As previously discussed in connection with FIG. 8, the direction blocks 177, 187 and 194 require calling of the COUNT subroutine, which will now be described with reference to FIG. 10. In this subroutine, the microprocessor receives periodically updated seed and distance counting information. The COUNT subroutine begins at a point 204 and the program is directed to a block 206, which requires that all of the row and total counters be cleared or zeroed. A block 207 requires the microprocessor to read the distance sensor 27 (FIG. 2). A decision block 208 checks to determine the presence of a low to high transition at the output of the distance sensor, indicating that the planter is moving. If there is no transition, the program returns back to block 207. If there is a transition, a block 209 clears all of the seed latches 54 (FIG. 4) and then, according to a block 211, sets into a working register the linear distance previously computed at blocks 193, 186 or 176, called the maximum distance.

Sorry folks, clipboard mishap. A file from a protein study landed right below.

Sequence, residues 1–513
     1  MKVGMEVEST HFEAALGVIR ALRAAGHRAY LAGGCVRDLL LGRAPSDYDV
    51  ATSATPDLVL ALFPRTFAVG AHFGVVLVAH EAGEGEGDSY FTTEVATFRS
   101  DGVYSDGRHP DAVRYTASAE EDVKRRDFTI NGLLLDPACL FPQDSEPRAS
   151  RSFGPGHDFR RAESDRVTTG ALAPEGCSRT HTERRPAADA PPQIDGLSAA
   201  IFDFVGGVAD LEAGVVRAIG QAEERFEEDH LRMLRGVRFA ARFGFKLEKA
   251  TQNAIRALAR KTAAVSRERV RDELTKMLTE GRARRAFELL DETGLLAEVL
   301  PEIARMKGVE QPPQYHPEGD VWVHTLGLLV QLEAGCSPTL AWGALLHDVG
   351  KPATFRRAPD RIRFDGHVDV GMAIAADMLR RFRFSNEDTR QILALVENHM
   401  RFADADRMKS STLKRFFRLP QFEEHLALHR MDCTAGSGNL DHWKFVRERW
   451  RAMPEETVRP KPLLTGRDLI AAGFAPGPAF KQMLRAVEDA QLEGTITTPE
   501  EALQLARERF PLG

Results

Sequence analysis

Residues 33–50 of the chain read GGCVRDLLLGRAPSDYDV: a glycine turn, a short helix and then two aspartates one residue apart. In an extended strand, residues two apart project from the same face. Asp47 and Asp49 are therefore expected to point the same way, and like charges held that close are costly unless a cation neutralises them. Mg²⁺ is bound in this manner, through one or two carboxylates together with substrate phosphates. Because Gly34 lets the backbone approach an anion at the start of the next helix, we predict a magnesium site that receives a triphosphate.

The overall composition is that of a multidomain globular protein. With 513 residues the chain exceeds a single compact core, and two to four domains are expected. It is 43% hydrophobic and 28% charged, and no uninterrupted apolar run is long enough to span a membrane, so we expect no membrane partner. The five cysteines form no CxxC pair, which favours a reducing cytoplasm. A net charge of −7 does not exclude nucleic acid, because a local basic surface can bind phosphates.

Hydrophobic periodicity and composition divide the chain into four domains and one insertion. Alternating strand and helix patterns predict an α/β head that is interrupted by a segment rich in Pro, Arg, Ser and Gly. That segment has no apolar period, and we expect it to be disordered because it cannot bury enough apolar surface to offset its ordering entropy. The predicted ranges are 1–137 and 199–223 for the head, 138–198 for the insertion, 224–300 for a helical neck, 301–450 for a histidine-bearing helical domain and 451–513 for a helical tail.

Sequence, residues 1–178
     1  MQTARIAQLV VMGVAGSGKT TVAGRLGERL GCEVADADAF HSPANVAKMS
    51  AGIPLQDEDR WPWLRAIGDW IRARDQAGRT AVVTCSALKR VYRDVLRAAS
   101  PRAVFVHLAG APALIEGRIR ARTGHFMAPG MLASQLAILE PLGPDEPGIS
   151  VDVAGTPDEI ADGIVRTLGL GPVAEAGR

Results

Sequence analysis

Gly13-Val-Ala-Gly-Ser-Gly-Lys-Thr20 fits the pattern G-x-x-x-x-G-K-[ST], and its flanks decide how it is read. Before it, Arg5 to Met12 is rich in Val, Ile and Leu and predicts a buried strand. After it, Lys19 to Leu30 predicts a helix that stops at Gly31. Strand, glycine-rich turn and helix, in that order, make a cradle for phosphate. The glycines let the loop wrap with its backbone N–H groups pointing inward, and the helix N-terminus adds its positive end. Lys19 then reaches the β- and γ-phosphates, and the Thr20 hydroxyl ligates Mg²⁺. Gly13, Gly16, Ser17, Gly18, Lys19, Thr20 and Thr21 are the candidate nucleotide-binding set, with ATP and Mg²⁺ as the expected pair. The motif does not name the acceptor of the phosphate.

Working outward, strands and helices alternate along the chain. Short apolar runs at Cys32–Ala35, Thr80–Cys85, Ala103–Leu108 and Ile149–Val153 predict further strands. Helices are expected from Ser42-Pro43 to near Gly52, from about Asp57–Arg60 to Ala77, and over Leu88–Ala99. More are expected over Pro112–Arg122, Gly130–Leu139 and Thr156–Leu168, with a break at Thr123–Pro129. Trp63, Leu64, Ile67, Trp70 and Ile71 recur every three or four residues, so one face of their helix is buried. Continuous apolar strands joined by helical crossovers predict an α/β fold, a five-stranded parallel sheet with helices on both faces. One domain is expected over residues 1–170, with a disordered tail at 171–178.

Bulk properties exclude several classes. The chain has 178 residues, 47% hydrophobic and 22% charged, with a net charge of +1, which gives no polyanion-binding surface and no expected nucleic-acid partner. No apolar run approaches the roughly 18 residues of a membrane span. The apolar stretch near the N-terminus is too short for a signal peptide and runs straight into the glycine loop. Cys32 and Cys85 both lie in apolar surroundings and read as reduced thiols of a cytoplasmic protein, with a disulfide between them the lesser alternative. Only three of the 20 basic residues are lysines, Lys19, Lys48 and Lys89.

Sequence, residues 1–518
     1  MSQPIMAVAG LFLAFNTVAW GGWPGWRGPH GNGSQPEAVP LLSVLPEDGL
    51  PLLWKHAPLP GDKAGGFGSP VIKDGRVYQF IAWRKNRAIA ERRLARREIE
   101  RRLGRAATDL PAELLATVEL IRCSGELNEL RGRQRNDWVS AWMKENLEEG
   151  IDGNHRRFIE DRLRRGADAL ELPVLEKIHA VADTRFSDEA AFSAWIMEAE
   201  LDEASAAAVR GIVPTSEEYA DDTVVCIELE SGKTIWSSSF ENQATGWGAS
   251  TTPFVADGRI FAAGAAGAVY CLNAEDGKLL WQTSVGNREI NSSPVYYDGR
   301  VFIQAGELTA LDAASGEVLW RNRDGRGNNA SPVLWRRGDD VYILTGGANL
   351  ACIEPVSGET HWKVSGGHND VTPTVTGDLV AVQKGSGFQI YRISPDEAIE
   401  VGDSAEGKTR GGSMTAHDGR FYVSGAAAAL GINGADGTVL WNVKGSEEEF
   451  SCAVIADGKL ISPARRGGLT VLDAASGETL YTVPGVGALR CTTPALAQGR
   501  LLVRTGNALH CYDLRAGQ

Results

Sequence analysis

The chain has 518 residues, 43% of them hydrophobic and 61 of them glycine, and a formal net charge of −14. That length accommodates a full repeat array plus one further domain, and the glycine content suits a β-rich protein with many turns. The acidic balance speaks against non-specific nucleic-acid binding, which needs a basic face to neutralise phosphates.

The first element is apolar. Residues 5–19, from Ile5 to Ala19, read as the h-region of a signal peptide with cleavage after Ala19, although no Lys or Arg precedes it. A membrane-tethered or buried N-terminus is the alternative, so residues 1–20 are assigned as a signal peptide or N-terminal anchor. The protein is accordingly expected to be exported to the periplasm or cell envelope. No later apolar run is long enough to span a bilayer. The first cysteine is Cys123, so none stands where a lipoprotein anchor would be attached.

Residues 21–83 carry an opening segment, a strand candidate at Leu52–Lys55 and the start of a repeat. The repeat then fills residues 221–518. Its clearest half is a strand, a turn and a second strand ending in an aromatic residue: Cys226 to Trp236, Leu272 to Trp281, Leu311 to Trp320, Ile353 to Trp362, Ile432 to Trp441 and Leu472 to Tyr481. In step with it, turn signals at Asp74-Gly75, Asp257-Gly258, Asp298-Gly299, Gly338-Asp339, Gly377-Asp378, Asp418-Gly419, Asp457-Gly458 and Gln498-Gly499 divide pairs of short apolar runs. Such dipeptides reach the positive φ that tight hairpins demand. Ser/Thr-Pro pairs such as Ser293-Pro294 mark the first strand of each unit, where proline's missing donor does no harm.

Another block 212 sets into a working register the seed limit previously computed at block 157, called maximum seeds, equal to the number 100 multiplied by the number of rows. A block 213 then sets into a register the number of pulses corresponding to a stoppage distance of three feet. Because the number of magnets 26 (FIG. 2) on the distance wheel 21 are such that two pulses are produced for each foot of planter travel, six pulses correspond to a preferred stoppage distance of three feet. It will be seen that if a total stoppage in any of the rows occurs during three feet of planter travel, the sonalert alarm 36 will be actuated to immediately warn the farmer.